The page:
They are scattered in more than a dozen offices across the country, mostly in the Northeast. About 15 of the full-time investigators work in Lancaster, Lacek said, with about that many more employees as support staff.
Bella said she has a couple of dozen investigators she can call on for work in her department, experts on everything “from ball fields to amusement park attractions and just about anything in between.”
Most have full-time jobs in their fields of expertise, are active in their professional associations and work for Robson part time, she said.
Bella herself is active in several associations, serving on the technical committee of the Association of Pool and Spa Professionals, helping review and recommend changes in the codes that govern that industry.
She runs a couple of businesses on the side, FUNdaMENTAL FITness, which trains instructors on aquatic exercises to help obese children become fit, and Professional Pool Solutions, which trains pool operators.
She also does work for Robson Forensic’s sister company, Fournier, Robson and Associates, the proactive arm of the business that advises companies on steps they can take to prevent the kinds of occurrences Robson Forensic investigates.
“I work with builders focused on the hospitality industry,” she said. “I go over their designs to make sure they’re not only meeting all the codes,” but also doing all they can to safeguard their staff and guests.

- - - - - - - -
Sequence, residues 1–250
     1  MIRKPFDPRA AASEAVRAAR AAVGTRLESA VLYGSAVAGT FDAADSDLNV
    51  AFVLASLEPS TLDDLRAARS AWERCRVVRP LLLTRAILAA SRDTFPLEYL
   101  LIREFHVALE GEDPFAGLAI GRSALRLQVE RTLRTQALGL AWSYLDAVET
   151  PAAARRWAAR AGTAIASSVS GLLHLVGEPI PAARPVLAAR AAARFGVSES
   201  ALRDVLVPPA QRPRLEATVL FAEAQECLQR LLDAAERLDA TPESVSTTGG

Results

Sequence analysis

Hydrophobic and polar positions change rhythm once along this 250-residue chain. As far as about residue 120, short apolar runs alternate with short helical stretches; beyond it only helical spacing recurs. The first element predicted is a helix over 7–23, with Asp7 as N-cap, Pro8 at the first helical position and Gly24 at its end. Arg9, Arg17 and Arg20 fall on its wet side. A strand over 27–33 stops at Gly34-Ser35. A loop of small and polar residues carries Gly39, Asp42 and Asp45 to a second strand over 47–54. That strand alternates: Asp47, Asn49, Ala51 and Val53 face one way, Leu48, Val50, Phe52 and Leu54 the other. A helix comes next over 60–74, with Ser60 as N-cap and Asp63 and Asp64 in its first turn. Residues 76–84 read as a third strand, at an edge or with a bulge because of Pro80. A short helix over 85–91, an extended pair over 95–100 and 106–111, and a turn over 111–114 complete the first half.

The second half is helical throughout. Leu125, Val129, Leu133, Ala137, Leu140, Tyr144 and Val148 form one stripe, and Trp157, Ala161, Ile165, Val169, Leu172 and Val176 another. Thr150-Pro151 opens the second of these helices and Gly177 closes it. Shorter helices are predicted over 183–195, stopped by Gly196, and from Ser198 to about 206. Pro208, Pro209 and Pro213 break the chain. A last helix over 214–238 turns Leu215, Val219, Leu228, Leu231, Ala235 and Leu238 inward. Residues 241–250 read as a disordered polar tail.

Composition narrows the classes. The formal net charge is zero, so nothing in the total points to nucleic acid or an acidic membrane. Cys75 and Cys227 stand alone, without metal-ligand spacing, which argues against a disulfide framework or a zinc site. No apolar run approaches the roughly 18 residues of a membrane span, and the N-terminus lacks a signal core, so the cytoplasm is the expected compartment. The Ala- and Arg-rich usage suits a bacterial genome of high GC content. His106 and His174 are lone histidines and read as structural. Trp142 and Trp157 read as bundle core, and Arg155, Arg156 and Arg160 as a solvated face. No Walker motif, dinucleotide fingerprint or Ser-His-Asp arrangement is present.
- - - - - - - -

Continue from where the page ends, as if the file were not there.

“A $200 safety switch on a chemical feed will save lives, but I’ve seen it left out over and over again because (the pool operators) just don’t know,” she said.
“The resort aquatics industry is the fastest growing sector of the hospitality industry,” Bella said. “In places where they can’t put in a full water park, they are putting in features like splash pads and slides… If you put in a slide, people will want to go day after day… It puts heads in beds.”
But sometimes things go awry.
Bella recalls one accident she investigated in South Carolina in which a woman suffered a life-altering spinal injury on an innocuous looking children’s water slide that ended in an 18-inch pool of water.
“She came off the bottom of the slide and hit her bottom on the bottom of the pool,” Bella said.
The problem was that the slide had been designed to direct people down instead of out, she said, and the pad designed to cushion the impact had been removed by the facility’s staff, who viewed it as a tripping hazard.
The people who designed and built the slide had never informed the facility of the importance of the pad or the need to shut the slide down if it was removed.
“These are professionals that absolutely missed the boat and built a dangerous situation that no one seemed to be aware of until this woman got severely injured,” she said.